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geko™ device

2018 marks the launch of our new website. We hope you like the fresh new look and improved navigation. The site places our clinical partners centre stage, and shines a light on their compelling research and readiness to embrace innovation to establish new therapies that address significant unmet need.

VTE prevention

NICE Guidance

Providing venous thromboembolism (VTE)
prophylaxis to all at risk hospital patients

NICE guidance (MTG19) supports the geko™ device to reduce thromboembolism risk for patients when other mechanical and pharmacological methods of prophylaxis are impractical or contraindicated1.

The NICE costing statement estimates a saving of £197* per patient when the geko™ device is used for a period of 6 days, when compared to no VTE prophylaxis and that under these circumstances use of the device will be cost saving until day 142.

The savings results from a reduction in the relative risk of DVT and the associated conditions of VTE such as post thrombotic syndrome as well as reduced length of hospital stay.

In high-risk patients when a combination of pharmacological and mechanical VTE prophylaxis is desirable but current mechanical prophylaxis is contraindicated or impractical, the geko™ device in combination with pharmacological prophylaxis will be cost neutral for up to 3 days compared to pharmacological prophylaxis alone2.

*In 2014 NICE estimated a cost saving of £197 up to 6 days of geko™ use.  The current saving, using an updated version of the same cost consequence model, is now £337 per patient3.

Reducing VTE risk in acute stroke patients

Through an audit of clinical practice, Firstkind has partnered with a major NHS Trust to assess use of the geko™ device for VTE prophylaxis in the acute stroke pathway.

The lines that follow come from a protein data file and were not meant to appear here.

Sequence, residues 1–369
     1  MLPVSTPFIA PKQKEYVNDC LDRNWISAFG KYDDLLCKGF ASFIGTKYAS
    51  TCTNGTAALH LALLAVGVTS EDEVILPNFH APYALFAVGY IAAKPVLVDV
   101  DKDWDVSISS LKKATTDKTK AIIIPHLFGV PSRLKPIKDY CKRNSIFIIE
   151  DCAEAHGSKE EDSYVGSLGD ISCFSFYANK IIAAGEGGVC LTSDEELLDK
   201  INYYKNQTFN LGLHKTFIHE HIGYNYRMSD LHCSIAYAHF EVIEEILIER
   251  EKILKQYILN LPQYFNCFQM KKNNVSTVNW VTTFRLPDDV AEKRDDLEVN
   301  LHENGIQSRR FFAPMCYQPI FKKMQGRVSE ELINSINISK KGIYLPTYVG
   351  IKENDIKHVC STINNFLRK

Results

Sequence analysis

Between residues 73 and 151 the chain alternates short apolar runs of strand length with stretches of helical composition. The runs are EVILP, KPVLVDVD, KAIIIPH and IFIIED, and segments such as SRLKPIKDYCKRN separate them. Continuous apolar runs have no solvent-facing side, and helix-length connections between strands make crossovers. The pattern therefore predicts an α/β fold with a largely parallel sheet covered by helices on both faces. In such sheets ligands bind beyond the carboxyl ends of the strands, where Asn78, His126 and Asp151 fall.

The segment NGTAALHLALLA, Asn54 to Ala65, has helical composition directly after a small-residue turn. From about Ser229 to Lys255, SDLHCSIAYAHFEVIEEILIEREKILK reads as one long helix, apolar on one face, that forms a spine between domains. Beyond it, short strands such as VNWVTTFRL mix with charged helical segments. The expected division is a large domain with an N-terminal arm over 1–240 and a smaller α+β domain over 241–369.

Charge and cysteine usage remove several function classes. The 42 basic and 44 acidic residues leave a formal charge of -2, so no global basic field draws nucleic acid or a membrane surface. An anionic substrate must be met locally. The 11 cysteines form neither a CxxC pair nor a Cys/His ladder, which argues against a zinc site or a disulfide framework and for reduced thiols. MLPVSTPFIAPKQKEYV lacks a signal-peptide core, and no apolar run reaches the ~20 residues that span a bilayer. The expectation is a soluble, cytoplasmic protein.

Current practice is based on the CLOT-3* study, which reports that 31% of acute stroke patients are contraindicated or become intolerant to IPC, and carry a 6.3% risk of developing a symptomatic DVT4 – which suggests a significant level of unmet need.

The audit revealed that 36% of patients were contraindicated or became intolerant to IPC. It was to this unmet need cohort that the trust evaluated use of the geko™ device.

The results show that the geko TM is as effective as IPC at reducing DVT. The geko™ was well tolerated and offered an alternative prophylaxis strategy to IPC, ensuring all patients received VTE prophylaxis, where previously no prophylaxis could be given4.

References:

  1. NICE Guidance (MTG19). The geko™ device for reducing the risk of venous thromboembolism. Issued: June 2014.
  2. Costing statement: Implementing the NICE guidance on the geko™ device for reducing the risk of venous thromboembolism (MTG19). Issues June 2014.
  3. Health economic analysis on file Firstkind Ltd. 2018.
  4. J. Williams1, C. Roffe1, I. Natarajan1, C. Moss1, C. Lambert1, L. Richards2. The use of the geko™ device and the activation of the foot and calf pumps for prevention of venous thromboembolism in patients with acute stroke. 1. University Hospital of North Midland NHS Trust, Acute Stroke Unit, Stoke on Trent, United Kingdom. 2. Undergraduate School of Medicine- Keele University, Stoke on Trent, United Kingdom.

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